% CHG '00–'02

Total Personal Consumptions in millions




  • Soap




  • Cosmetics and perfume




  • Other personal hygiene




Source: Bureau of Economic Analysis

Figure 6.9: Personal-Care Industry Snapshot

Destined to bring changes to the prestige cosmetics and skincare business is the recent announcement that department store exclusive brand Estee Lauder is developing a new line of cosmetics for discounter Kohl's. While the new line won't be available until 2005 and it reportedly won't be released under the Estee Lauder brand name, it's an important move by an industry leader as they finally admit that their target customer (i.e., affluent middle-aged women who can afford to pay full price) shop at discount stores.

Retail Overview

When they shop for personal-care items—even those that are more "special" than everyday brands—consumers turn first to discount department stores, where 51 percent of shoppers reported buying these items in the past year. Specialty health, personal care, and drug stores are the second most widely used source, with 44 percent of shoppers. With about one-third of shoppers, traditional department stores follow.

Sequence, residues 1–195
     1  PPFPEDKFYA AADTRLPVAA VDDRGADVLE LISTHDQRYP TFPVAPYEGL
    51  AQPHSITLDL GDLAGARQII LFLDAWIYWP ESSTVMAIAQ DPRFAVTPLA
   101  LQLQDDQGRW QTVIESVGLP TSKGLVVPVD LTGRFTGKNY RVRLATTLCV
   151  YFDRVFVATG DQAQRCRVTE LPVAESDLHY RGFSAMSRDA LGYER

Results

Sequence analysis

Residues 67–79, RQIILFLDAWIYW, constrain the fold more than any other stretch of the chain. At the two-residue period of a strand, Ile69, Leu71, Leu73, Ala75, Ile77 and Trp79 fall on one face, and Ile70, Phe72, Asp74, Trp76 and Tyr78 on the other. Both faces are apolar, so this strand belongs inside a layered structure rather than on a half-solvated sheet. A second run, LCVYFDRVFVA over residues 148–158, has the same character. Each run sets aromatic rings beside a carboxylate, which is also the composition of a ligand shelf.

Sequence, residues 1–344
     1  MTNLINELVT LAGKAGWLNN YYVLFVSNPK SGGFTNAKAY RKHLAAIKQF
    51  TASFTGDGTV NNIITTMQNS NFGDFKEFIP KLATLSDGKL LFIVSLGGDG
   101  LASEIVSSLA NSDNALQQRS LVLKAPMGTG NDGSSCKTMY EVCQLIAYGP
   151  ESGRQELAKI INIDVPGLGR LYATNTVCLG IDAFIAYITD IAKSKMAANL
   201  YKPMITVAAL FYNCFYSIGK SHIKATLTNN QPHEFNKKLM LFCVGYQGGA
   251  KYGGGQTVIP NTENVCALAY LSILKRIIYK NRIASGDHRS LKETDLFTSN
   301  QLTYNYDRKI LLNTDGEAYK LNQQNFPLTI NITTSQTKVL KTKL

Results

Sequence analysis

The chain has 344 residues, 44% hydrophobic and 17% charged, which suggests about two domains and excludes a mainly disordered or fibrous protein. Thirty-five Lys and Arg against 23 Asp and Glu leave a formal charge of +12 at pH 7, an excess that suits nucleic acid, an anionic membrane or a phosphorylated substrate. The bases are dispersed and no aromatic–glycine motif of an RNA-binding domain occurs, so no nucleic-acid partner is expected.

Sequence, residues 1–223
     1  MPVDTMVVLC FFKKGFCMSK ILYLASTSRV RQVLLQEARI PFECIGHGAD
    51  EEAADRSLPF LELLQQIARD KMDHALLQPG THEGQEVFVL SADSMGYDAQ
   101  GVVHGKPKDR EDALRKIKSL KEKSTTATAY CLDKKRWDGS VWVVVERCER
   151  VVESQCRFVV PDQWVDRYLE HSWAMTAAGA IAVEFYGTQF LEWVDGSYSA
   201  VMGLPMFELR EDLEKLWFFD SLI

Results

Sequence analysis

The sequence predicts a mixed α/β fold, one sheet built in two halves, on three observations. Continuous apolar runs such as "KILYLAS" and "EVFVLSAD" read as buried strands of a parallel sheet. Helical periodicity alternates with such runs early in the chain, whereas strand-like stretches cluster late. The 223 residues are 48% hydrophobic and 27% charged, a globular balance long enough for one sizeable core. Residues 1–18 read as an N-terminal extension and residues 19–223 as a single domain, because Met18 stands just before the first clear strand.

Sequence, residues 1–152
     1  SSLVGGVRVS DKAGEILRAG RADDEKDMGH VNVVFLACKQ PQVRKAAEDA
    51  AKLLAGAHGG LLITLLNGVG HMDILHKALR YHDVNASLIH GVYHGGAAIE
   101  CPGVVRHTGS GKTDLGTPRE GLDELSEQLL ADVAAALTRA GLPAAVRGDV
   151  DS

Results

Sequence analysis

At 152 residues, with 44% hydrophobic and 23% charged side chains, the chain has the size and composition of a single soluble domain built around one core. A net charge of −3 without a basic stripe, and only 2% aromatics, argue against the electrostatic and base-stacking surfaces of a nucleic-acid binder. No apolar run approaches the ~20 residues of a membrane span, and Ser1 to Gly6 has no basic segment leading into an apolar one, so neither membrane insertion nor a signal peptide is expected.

The business of cosmetics is the ultimate in experiential marketing. While companies and retailers are in the business of selling cosmetics (i.e., a thing), consumers are actually buying beauty (i.e., an experience). As Charles Revson, founder of Revlon, said, "In our factories we make cosmetics; in our stores, we sell hope." While department stores have dominated the traditional cosmetics business, consumers changing shopping patterns are playing havoc with "business as usual" in the cosmetics world. Direct-sales giant Avon has tried to break in to retail through partnerships with Sears and J.C. Penney, with no success. J.C. Penney is so turned off by the cosmetics business that it has banished all color cosmetics from their stores. While traditional department store retailers reel, new specialty retailers, such as Sephora, Victoria's Secret, Bath and Body Works, and Ulta, get into the premium beauty business with a vengeance.